The Problem with Twilight
I have a problem with the Twilight phenomena, but it has nothing to do with vampires that walk in sunlight. It’s how we’ve allowed ourselves to feel threatened as result of it.
Poke around on the internet and you’ll find scathing reviews of Breaking Dawn beyond count. They seem to play the same tune: 2 hours of longing glances, no plot, and brooding, one-dimensional characters. There’s an addendum to these that catches my attention. People seem very occupied with the message of the Twilight series. A lot of thoughtless accusation is aimed at Stephenie Meyer: that she’s indoctrinating young women into thinking that life is pointless without a boyfriend, one should be willing to give up everything for obsessive love, sex is terrifying and painful, and childbirth is a trip through Hell.
Another thing we’ve done over the years is compare Twilight with the Harry Potter series, for no other reason than both were wildly successful at getting kids to lug around Melvillian-sized tomes.
At the height of popularity, we had extremists and naysayers banning Harry Potter and calling for J.K. Rowling’s head as a confirmed practitioner of the dark arts. They imbued one British author with the power to convert a nation full of children to Satanism. I can’t help but feel that we never gave this Chicken Little ignorance the attention it deserved. Are we allowed to turn around and ask how many children are standing in pentagrams and summoning Azmodan as a result of reading about the adventurers of Mr. Potter? I wonder how many feel silly about their accusations in retrospect. I wonder how many of them actually read the books, and if they enjoyed them.
Here’s where the matter gets ironic. Now we have another literary sensation in Twilight, and the same thing is happening from the opposite angle. Only instead of the extreme godmongers shouting until they’re blue in the face, the socially-minded are the new madmen.
Does anyone actually think that Stephenie Meyer is out to get your preteen girls? Does anyone actually think that a generation will pattern themselves off of Bella?
Twilight is not a moral compass. It is not a prevailing cultural identity. Like voodoo, it only has as much power as we invite into our lives. I’m less concerned about the influx of babies named Bella and Edward than I am the Jermajestys and Blankets, who make Bella and Edward seem downright ordinary.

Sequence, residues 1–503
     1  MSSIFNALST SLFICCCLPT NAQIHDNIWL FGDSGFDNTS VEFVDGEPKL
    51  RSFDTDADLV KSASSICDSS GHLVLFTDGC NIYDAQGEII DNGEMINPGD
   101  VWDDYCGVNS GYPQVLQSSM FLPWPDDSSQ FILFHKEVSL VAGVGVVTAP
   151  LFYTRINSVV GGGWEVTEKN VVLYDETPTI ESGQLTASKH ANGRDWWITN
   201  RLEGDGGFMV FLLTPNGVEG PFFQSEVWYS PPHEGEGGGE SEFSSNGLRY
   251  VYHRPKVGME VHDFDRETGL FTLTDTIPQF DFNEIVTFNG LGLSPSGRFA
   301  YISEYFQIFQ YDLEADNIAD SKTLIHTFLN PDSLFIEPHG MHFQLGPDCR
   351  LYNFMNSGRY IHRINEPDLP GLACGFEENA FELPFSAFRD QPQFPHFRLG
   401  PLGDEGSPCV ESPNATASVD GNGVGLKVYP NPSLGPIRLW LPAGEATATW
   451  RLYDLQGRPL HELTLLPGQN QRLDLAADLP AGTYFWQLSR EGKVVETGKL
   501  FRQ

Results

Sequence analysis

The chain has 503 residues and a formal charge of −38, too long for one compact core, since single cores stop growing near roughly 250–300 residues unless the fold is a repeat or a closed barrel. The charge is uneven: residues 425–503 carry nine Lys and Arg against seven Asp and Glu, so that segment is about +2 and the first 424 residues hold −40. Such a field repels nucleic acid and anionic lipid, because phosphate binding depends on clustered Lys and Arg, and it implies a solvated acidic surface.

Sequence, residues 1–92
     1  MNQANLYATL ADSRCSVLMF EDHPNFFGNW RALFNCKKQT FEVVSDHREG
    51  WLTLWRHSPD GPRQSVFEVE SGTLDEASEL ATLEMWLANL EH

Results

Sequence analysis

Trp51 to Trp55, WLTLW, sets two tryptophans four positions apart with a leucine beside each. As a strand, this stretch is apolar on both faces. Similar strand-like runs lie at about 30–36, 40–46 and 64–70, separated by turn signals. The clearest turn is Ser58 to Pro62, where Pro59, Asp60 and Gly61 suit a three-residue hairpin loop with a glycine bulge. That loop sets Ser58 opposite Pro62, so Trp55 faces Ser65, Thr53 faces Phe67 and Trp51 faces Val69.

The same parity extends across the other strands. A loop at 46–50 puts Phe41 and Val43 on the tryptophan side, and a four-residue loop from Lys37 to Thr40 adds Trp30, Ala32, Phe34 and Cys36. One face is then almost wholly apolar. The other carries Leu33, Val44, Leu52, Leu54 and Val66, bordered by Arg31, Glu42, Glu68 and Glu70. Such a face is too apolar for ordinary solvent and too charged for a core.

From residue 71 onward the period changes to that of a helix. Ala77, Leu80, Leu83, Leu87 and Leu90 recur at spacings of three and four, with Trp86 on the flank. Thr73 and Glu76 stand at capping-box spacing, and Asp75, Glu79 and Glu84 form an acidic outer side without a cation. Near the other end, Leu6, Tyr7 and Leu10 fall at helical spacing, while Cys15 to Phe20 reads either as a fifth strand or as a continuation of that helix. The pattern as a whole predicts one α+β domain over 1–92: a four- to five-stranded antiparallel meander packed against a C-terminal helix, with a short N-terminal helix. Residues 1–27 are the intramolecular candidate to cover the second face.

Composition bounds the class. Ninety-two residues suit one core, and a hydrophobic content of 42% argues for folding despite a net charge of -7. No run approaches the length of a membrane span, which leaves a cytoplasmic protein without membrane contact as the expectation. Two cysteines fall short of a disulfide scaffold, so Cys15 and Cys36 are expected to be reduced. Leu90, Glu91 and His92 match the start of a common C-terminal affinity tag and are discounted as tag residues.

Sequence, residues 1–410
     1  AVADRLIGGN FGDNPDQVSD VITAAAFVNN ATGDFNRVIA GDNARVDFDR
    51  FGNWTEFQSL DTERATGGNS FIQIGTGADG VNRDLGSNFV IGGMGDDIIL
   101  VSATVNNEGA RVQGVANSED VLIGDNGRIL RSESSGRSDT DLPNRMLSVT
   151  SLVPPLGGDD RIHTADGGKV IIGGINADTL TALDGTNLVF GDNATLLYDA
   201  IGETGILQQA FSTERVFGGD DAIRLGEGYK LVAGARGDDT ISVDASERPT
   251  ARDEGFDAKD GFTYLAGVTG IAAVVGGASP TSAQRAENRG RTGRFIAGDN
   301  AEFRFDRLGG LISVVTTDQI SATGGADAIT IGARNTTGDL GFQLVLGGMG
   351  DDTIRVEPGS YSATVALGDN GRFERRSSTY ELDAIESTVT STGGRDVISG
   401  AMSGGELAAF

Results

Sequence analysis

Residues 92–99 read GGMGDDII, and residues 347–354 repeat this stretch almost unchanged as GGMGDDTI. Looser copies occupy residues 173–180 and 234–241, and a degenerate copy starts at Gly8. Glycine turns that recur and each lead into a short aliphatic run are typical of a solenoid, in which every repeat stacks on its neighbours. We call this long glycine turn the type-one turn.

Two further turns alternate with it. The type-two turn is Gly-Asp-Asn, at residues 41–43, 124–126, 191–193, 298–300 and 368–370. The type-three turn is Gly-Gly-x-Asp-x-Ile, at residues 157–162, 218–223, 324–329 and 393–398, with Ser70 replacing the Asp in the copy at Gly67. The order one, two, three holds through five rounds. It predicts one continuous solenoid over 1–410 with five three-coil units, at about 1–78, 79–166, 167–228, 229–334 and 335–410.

Now, with that said, let’s get mad at Twilight for the right reasons. Let’s get mad because Bella Swan doesn’t carry the weight of complexity or inner-strength to hold her own as a protagonist. Let’s get mad at the craft of this monster. Attacking its morals will only land a glancing blow across oily scales. If we can come to terms with why these books don’t work, then we strike the heart of the beast. The attacks we’ve fired so far have felt directionless, as if we couldn’t agree on what pissed us off more. Look to the writing! Learn from it, and do better! We’ve spent ages refining the process of literary storytelling to arrive at this form. We have a very good understanding of how it works. Stephen King said in On Writing that you can learn more from bad fiction than good fiction, and a book like The Bridges of Madison County can teach you more about writing than a master’s program. Let’s take up the challenge — not because it threatens our young — but because we can do better.
Twilight is not our literary revolution. It will not redefine how we approach writing or cinema. And it will not make a generation of young women into boy-crazy, lackluster facades of humanity. So stop your worrying, or you might feel silly about it tomorrow. Instead, join me at the box office. I’ll be armed with a hip flask and a notebook, ready to learn and to laugh, not necessarily in that order.